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When to rebrand? A case study

Jan 21, 2014

This time last year, I took a plunge to rebrand our Lollipop brand.

I started the business as an online shop offering personalised baby t-shirts/onesies and nursery artworks. Using my skills I designed the artworks and all the marketing materials. As target market was mums with little babies, the branding i created was reflecting this audience. When I started the business I decided to call it Lollipop Baby, as “the designs are as sweet and colourful as lollipops, yet as quirky and funny as babies are from time to time.”

From baby/kids/children’s industry networking, I started picking up jobs for logos, website design and business marketing/stationery within the industry. Fast forward three years later, the brand  evolved into a small graphic studio and the brand was no longer suitable anymore. I actually constrained the business opportunity by fencing my audience with the branding.

It was a scary thing as I already had a little brand awareness (if not much) and was scared that I might loose the brand awareness that I have been building. Most of the clients at that time came from the baby & kids industry who already knew me as Lollipop Baby.  On the other side, the brand does not reflect who I am and the level where I wanted to take it to.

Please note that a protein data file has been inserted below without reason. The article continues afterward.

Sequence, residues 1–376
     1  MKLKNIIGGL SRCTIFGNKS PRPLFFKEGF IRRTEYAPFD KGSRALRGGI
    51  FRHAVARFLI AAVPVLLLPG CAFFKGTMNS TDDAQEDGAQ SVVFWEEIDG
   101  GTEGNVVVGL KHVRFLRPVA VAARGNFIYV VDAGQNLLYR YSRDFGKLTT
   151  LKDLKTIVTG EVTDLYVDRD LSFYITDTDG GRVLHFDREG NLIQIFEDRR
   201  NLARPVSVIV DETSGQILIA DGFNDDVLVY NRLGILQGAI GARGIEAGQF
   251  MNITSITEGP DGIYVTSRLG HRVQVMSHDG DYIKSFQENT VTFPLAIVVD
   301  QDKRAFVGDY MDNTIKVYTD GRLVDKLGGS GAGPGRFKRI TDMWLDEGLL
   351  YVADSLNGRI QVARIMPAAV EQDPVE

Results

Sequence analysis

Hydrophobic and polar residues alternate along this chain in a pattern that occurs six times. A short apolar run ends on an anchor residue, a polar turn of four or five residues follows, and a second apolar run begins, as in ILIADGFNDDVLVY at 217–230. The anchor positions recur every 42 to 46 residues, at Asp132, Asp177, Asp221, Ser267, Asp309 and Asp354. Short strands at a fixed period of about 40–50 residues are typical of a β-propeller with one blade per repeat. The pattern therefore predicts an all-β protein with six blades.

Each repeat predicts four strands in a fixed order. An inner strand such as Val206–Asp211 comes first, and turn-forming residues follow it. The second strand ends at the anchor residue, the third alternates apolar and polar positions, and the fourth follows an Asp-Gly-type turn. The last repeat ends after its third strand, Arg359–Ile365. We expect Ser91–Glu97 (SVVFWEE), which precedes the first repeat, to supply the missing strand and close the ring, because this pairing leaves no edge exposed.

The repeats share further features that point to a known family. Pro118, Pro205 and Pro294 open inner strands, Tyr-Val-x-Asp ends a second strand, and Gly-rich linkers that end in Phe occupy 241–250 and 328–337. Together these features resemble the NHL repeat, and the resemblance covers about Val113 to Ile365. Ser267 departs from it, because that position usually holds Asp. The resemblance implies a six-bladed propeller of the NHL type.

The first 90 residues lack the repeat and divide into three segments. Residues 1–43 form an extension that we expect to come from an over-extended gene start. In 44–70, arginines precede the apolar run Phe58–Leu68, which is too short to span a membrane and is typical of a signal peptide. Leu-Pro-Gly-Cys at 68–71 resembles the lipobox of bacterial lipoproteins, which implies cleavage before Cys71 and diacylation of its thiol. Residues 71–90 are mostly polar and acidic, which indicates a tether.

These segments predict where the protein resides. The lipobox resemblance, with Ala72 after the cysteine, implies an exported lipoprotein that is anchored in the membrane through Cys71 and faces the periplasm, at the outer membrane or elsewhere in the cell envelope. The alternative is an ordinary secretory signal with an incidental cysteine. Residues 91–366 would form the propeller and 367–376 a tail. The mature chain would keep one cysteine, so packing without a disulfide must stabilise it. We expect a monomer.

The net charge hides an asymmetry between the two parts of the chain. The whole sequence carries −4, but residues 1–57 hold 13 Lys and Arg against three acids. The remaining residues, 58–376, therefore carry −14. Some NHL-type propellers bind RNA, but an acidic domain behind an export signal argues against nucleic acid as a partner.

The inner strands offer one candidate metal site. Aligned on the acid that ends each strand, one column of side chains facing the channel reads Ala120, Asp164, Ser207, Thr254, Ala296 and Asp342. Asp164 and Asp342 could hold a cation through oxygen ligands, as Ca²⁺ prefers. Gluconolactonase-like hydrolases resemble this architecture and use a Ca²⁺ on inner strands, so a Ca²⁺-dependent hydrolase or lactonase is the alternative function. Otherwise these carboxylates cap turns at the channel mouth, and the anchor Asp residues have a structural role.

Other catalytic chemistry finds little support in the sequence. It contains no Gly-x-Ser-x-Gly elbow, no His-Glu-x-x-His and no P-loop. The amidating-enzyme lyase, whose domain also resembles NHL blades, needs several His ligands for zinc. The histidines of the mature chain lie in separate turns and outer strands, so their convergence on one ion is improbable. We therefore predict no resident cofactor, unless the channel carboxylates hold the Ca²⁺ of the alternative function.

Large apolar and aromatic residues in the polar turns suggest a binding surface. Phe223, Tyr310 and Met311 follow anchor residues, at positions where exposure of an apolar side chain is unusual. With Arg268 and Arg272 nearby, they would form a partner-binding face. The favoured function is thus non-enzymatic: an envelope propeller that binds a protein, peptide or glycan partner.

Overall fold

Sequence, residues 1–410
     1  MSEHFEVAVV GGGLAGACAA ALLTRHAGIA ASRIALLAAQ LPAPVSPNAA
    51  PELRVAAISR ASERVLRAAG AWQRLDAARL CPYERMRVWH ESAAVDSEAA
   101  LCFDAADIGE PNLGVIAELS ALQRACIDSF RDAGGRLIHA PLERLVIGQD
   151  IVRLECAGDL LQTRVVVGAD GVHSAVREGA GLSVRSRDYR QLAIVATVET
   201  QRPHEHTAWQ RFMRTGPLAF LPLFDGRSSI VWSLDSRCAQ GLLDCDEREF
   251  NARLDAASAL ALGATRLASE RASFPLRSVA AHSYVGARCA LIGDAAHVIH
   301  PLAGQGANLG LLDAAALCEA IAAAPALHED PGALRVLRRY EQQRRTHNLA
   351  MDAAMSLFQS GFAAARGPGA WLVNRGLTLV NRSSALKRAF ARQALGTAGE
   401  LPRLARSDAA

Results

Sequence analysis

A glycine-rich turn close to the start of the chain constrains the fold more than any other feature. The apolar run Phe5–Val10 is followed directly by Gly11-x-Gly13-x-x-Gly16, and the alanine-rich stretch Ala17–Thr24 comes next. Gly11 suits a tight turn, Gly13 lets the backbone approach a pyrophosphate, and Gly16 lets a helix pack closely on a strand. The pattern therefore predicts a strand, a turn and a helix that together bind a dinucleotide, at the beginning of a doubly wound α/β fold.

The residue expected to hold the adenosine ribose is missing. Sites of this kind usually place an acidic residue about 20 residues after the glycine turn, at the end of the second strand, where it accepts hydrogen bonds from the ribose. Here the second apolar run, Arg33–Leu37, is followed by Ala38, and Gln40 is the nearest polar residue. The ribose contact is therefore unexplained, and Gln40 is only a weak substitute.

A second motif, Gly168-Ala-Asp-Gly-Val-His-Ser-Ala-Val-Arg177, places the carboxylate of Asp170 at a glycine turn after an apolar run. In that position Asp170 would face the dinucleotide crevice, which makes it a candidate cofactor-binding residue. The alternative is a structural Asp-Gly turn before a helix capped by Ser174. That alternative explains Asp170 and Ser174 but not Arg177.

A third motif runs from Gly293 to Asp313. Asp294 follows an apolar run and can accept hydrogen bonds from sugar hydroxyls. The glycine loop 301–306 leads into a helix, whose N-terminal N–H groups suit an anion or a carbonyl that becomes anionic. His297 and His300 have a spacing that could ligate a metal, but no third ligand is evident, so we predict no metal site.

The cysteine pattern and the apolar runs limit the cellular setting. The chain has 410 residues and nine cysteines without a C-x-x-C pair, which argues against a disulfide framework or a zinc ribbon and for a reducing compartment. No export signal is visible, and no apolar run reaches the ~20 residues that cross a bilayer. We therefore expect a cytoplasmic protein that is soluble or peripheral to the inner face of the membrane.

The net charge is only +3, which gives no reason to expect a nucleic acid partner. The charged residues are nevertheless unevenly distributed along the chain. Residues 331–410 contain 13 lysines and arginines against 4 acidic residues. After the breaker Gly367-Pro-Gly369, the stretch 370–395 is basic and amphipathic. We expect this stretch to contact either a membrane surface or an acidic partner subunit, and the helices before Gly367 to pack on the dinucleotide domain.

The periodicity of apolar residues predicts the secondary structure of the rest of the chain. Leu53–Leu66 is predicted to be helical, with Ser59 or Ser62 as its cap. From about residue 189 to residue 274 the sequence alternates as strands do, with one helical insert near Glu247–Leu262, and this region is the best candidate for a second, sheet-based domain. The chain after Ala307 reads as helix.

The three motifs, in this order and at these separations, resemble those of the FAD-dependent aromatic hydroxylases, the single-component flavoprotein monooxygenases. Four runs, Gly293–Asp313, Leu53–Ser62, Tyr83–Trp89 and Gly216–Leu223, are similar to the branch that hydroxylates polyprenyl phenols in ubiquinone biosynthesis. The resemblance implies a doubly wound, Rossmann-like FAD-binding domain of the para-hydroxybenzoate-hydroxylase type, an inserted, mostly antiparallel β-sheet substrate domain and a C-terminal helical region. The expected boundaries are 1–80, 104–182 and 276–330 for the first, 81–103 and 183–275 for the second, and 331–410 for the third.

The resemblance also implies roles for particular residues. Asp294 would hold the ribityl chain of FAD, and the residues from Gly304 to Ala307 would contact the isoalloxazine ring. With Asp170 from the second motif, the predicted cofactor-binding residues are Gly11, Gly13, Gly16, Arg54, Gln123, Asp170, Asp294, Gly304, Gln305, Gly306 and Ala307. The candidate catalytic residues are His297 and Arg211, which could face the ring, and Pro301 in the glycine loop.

These are a few reasons  why I took the plunge to rebrand:

My product has evolved and the brand has no longer represented what I do/sell.

“Lollipop Baby” is no longer relevant as I had no longer selling baby products.

Have your target market changed?

This is a definite “yes” for me. From retail market, I was heading toward Business to Business Service so instead trying to sell designer baby clothes  of mums with little children, I am targeting a graphic design service for women entrepreneurs and small businesses.

Are you trying to reach bigger audience?

Though I could still trading under Lollipop Baby, I was trying  to broaden my clients to not only come ftom baby & kids industry. Most of my graphic and logo portfolio still  come from baby and children’s industry but I also do different other things.

Is your brand versatile enough to keep?

Not in my case. Beside my existing clients, not many prospective clients (from outside baby & kids industry) took plunge to hire me.

So the new brand emerged. I did promotion through Facebook, Pinterest and my brand awareness has been increasing significantly over the last year. Our Lollipop Creative Studio brand invited more clients from different industries (handmade products, travel accessories, you name it!). Most of all, this new brand represent what I do, what I believe in and where I want to take my service to.

Lollipop Creative Logo design & Brand board

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